Last week's post was the first of this regular series of blog posts: the "Statistics Tip of the Week". There are a number of see-saws (aka "teeter-totters" or "totterboards") like this in statistics that we'll be seeing in the coming weeks and months.
Here, we see that, as the Probability of an Alpha Error goes down, the Probability of a Beta Error goes up. Likewise, as the Probability of an Alpha Error goes up, the Probability of a Beta Error goes down.
This being statistics, it would not be confusing enough if there were just one name for a concept. So, you may know Alpha and Beta Errors by different names:
We'll go into more detail on Alpha and Beta Errors in a future blog post. but the following compare-and-contrast table should help explain the difference:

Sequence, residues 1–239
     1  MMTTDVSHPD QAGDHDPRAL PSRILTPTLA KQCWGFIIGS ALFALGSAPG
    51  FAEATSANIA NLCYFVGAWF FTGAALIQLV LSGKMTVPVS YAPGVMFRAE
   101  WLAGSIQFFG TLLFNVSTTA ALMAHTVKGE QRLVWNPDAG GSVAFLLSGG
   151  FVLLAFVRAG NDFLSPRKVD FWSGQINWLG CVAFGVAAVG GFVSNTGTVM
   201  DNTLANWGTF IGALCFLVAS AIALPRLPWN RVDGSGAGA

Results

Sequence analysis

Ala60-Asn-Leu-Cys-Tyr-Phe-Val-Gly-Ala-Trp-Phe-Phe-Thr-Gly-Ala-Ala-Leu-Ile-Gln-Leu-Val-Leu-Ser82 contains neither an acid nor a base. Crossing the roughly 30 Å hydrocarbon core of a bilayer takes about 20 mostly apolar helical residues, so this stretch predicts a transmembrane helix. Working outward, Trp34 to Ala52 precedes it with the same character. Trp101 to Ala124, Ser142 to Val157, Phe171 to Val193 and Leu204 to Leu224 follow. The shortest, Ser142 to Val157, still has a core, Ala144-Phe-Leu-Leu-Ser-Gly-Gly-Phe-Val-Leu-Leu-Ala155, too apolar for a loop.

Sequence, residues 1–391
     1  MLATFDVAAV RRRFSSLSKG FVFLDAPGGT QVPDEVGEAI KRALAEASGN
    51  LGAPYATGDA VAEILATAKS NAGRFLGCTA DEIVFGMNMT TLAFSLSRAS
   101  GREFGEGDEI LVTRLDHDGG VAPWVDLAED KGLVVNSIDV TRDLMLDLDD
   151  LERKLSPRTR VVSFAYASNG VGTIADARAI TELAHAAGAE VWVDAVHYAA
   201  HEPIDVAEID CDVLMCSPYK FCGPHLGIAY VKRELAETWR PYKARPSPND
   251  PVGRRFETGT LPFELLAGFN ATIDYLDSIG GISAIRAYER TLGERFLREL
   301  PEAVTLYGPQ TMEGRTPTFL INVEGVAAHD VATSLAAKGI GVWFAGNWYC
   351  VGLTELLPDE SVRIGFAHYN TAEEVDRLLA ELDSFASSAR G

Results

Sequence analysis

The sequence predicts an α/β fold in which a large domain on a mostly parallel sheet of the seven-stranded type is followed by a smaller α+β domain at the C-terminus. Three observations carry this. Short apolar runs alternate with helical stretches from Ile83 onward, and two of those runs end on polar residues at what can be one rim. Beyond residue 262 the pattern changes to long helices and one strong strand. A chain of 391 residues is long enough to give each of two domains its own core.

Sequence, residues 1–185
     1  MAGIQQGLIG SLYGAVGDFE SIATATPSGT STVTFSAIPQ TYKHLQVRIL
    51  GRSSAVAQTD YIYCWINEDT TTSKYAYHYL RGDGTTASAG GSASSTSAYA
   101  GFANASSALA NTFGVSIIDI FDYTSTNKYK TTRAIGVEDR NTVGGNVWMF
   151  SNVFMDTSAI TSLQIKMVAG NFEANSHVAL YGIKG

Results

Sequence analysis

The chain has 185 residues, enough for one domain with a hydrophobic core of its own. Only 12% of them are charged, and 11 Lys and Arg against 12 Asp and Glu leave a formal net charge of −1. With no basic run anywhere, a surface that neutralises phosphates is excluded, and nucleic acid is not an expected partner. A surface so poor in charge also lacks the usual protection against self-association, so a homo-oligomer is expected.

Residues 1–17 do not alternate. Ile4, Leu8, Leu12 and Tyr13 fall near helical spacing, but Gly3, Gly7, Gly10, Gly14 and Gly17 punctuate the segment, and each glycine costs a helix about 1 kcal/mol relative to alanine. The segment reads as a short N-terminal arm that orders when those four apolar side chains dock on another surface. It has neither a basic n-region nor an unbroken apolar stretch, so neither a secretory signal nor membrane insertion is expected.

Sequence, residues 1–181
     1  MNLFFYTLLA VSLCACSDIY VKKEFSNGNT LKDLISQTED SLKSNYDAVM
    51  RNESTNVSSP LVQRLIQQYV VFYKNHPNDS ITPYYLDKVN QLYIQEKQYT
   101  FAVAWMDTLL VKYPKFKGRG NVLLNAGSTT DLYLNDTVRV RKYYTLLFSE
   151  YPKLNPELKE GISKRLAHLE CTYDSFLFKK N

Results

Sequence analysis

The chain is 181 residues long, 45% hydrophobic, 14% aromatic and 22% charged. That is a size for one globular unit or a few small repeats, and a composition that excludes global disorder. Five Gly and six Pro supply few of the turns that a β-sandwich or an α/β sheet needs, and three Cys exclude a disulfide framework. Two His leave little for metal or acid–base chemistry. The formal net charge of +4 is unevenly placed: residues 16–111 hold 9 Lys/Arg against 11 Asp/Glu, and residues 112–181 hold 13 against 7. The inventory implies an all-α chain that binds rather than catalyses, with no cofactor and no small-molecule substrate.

The see-saw effect is important when we are selecting a value for Alpha (α) as part of a Hypothesis test. Most commonly, α = 0.05 is selected. This gives us a 1 – 0.05 = 0.95 (95%) Probability of avoiding an Alpha Error.
Since the person performing the test is the one who gets to select the value for Alpha, why don't we always select α = 0.000001 or something like that?
The answer is, selecting a low value for Alpha comes at price. Reducing the risk of an Alpha Error increases the risk of a Beta Error, and vice versa.
Andrew A. (Andy) Jawlik is the author of the book, Statistics from A to Z -- Confusing Concepts Clarified, published by Wiley.